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Sam Cook & Felicity Hill
Sam CookTHIS ISSUE FEATURES:
1. CELEBRATING THE 1ST ANNIVERSARY OF 1325 PEACEWOMEN E-NEWSThis edition of the 1325 PeaceWomen E-News Features:
1. WOMEN, PEACE AND SECURITY NEWS
IRAQ CONSTITUTION ‘BIG DISAPPOINTMENT' FOR WOMEN
The invasion of Iraq heralded promises of freedom from tyranny and equal rights for the women of Iraq. But three years on, the reality of everyday life for women inside Iraq is a different story.
To make this film, two Iraqi women risk their lives to spend three months travelling all over the country with a camera to record the lives and experiences of women they meet.
As Iraq prepares to hold new parliamentary elections amid continuing controversy over the eligibility of many candidates, Amnesty International is appealing to the country's political leaders to ensure that both the election campaign and the vote on 7 March are conducted peacefully and fully conform with Iraq's obligations under international human rights law.
2010 celebrates the 10th anniversary of the United Nations Security Council Resolution 1325 on Women, Peace and Security.10 points on 10 years UNSCR 1325 in Europe
CSO Position Paper on Europe-wide Implementation of UN Security Council Resolution 1325
Kurds are a forgotten people. Called the largest nation without a state, they have been fighting for social, cultural and, at times, national rights for decades. But most of the time, nobody cared. Recently the Kurdish Worker's Party's (PKK) renewed war against the Turkish government has made headlines. What bleeds, as journalists say, leads.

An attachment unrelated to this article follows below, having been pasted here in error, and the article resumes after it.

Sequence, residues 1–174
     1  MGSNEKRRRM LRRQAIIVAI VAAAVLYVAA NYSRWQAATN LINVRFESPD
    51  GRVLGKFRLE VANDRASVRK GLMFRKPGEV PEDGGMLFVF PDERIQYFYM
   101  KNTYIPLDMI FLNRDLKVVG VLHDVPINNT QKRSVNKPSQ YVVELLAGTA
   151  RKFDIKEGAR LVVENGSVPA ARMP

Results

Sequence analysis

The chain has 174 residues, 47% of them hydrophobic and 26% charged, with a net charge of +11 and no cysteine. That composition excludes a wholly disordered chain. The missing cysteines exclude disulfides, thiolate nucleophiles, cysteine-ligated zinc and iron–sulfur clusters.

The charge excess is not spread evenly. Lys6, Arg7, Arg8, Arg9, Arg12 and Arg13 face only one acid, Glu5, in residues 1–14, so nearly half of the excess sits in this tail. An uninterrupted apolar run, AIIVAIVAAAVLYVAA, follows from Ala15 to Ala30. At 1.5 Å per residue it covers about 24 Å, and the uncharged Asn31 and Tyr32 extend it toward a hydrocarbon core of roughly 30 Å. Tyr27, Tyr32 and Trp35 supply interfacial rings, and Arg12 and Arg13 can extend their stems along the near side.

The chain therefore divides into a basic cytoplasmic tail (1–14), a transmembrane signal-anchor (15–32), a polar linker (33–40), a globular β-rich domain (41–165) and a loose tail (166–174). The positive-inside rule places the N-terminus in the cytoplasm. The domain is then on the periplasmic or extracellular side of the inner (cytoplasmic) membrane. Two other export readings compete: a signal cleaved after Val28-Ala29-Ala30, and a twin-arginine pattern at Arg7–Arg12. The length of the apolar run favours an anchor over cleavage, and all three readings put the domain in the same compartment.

Prior to the US-led invasion of Iraq, women working in the public and government sectors were entitled to receive a year's maternity leave under family laws enforced by the former Saddam Hussein leadership.
In the seven years since the US-led invasion which ousted Saddam, however, maternity leave has been cut to six months.
With US forces having completed their pullout, Iraqis are hopeful their country will regain its lofty status in the Arab world, but one group expects little to change for the better: women.
The hallways of a grade school were uncharacteristically silent and absent of students as they had been for months prior to this day. Despite the vacancy, the classrooms had many new additions.
On the eve of Iraq's second nationwide election, a car bomb killed at least three pilgrims and wounded more than 30 near a Shiite shrine.
Violence has dropped dramatically since the first election, and the type of candidate running for office has changed too, reports CBS News Correspondent Elizabeth Palmer.
Another political event takes place in Iraq without much mention of women. And in the rare occasion that women are mentioned, it is often with the token spirit about how wonderful it is that they now have 25 percent of political seats in the Iraqi parliament.